Pint Sized Puppy “Kenny Brooks” Does Full-court Press on Heart Research

He may not shoot hoops like the players his Virginia Tech women’s basketball coach namesake guides, but this Kenny Brooks, a 5-month-old Cavalier King Charles spaniel whose name the family shortens to Brooks, is dribbling his way into the hearts of researchers.

As a key player in a cardiology study at the Virginia-Maryland College of Veterinary Medicine, this charming puppy is helping to unravel the mysteries of heart disease in his breed.

The Kohnke family’s dedication to research

Owned by Dave ’83 and Betsy Kohnke and their two daughters, Katie ’23 and current Virginia Tech student Elise, Brooks plays a crucial role in advancing veterinary science. Betsy Kohnke said, “It’s important that we contribute to research. We may not find out anything from this study, but we also might find out a lot.”

This dedication is seen in their regular six-hour round trips from Richmond for echocardiograms, examining his heart for any indicators of abnormalities.

Committed Hokies

The Kohnke’s previous Cavalier, Frank Beamer, inspired their love for the breed and was the catalyst for their involvement in this study.

The names of both spaniels also reflect the family’s enthusiasm for all things Hokie. “The only way I could bring a Cavalier into a Hokie house was to name him after a VT coach,” Betsy Kohnke said.

“Katie is a fanatic basketball fan and she got us into watching the women’s basketball team,” she said. “And we were like, Brooks, that’s a great name.”

The choice of name reflects not just their love for the sport but also their admiration for the character and sportsmanship of coach Brooks, who led the Hokies to their first Final Four appearance last season.

“I wouldn’t have named my dog after him if I didn’t believe he was a nice man.”

The plight of the Cavalier King Charles spaniel

Cavalier King Charles spaniels, like Brooks, are predisposed to heart conditions, particularly myxomatous mitral valve disease (MMVD). This disease, characterized by the improper closure of the heart’s left valve, typically affects older dogs, many of whom never develop symptoms.

However, in breeds like the Cavalier King Charles spaniel, MMVD can manifest earlier and more aggressively, potentially leading to congestive heart failure and premature death.

Mindy Quigley, clinical research coordinator, likens the heart’s blood-pumping action to a room of people: “The room fills up, then the door opens, and every single person should leave. The door should close completely before a new group of people comes in. If anybody can sneak back in the door, that’s when problems happen.”

Researchers have observed that adult Cavaliers, even those yet to develop the disease, exhibit distinct differences in the shape of their mitral valves when compared to adult dogs of other breeds.

“Naturally, our question then was: Are Cavaliers born with a valve that is differently shaped?” Meciotti said. “Or do they develop these different shapes as they grow? And how does that predispose them to develop the disease compared to other breeds?”

Kenny Brooks visits the Veterinary Teaching Hospital every few months for the study. Photo by Andrew Mann for Virginia Tech.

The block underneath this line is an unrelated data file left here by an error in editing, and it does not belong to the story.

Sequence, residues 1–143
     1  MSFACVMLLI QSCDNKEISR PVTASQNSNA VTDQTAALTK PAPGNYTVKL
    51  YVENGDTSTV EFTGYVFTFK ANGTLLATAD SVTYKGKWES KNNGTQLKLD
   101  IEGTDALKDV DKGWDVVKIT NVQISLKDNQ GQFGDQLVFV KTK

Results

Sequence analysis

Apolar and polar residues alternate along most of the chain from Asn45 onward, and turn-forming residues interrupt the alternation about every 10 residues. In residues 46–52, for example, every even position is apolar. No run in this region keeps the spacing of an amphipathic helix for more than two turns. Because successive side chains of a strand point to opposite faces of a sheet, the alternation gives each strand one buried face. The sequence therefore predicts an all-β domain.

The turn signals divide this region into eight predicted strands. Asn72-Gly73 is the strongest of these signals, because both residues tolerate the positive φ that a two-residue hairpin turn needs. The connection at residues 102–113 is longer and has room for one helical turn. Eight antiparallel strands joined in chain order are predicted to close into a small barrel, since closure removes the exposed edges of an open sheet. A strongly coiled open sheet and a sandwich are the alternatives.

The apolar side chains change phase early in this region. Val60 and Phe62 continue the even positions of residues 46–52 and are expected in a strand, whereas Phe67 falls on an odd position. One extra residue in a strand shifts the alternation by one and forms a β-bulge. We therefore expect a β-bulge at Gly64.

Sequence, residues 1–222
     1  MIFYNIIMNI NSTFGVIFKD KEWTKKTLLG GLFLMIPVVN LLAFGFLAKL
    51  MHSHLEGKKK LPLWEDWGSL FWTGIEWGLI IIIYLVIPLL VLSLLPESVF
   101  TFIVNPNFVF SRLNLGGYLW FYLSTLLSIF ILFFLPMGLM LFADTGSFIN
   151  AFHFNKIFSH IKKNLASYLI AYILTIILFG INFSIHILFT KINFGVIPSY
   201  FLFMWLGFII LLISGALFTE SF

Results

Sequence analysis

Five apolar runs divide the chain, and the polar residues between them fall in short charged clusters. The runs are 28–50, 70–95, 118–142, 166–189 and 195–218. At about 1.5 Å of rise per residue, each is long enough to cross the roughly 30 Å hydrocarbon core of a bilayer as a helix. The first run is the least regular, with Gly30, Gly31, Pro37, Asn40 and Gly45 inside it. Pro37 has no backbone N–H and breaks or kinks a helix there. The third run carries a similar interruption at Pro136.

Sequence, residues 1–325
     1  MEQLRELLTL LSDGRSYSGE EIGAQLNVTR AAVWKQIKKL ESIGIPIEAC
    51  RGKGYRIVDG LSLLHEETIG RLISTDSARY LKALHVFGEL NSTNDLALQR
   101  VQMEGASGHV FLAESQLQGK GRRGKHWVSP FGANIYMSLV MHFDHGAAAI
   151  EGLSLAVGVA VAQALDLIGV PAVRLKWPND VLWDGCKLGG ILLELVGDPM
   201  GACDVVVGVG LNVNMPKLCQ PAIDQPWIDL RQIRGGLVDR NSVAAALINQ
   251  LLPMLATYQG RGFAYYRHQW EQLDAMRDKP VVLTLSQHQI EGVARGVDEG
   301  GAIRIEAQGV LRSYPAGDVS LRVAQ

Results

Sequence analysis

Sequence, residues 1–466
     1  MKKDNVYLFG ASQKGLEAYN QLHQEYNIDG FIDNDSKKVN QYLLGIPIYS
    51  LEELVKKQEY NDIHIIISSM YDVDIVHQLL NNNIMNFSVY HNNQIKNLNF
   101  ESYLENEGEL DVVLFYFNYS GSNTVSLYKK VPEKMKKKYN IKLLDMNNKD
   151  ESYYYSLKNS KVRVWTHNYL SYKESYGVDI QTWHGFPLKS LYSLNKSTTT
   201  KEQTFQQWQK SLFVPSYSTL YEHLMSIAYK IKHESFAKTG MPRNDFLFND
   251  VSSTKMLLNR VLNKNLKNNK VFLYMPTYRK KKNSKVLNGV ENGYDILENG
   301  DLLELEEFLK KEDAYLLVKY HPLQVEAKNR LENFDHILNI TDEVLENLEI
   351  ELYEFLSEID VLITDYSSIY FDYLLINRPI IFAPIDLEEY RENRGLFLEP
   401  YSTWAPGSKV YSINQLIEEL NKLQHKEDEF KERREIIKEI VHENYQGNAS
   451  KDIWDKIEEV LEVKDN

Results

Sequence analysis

Cavalier research at Virginia Tech

The study, supported by the Veterinary Memorial Fund, is part of an interconnected group of research studies that aims to discover if certain factors could be used to predict an earlier onset of heart disease in Cavaliers.

“We hypothesize that the shape of the mitral valve is playing a role,” said Giulio Menciotti, assistant professor of cardiology, “but it’s been very difficult to look at the valves when they are in a beating heart.  However, we can now use a newer technology, the three-dimensional echocardiogram, to analyze the shape of the valve without the need for general anesthesia or other more invasive procedures.”

In a related study, researchers are also examining the cardiac health of Cavaliers over time to determine if dogs with an earlier onset of MMVD are more prone to early heart enlargement compared to other dogs. This could offer valuable insights to assist veterinarians and breeders.

Other factors being examined include age of onset of mitral regurgitation, diet, and changes in left atrial dimensions.

Veterinary nurse Amanda Conrad gets some puppy kisses before an exam. Photo by Andrew Mann for Virginia Tech.

A good experience

Their visits to the Veterinary Teaching Hospital, despite the long drive, have been a good experience for the Kohnkes.

“Dr. [Lezith Desiree] Chavez is one of his doctors and when she came out the first time, she was very professional,” said Betsy Kohnke. “Then when she was bringing him back she started cooing at him and showing him off to everyone. It’s funny to see her, you know, be the serious clinician, and then be very human and silly. I’m glad we’re here.”

Join the study and make a difference

While enrollment for Cavalier puppies is complete, the study is now looking for healthy puppies of other breeds to join the control group. Participating puppies will receive a comprehensive cardiology work-up, including an exam and echocardiogram, at no cost to the owner.

Participating puppies must

  • Be between 14 and 20 weeks of age at the time of the appointment
  • Have an adult weight expected to fall between 10 to 25 pounds
  • Unfortunately, dachshund puppies are not eligible.
  • Up to two puppies can be enrolled per dam-sire combination.

Tanner, a 5-month-old Pyrenean shepherd, has a cardiology exam. Photo by Margie Christianson for Virginia Tech.If you have a puppy who meets the criteria and can join this study, register online. 

By Marjorielee Christianson

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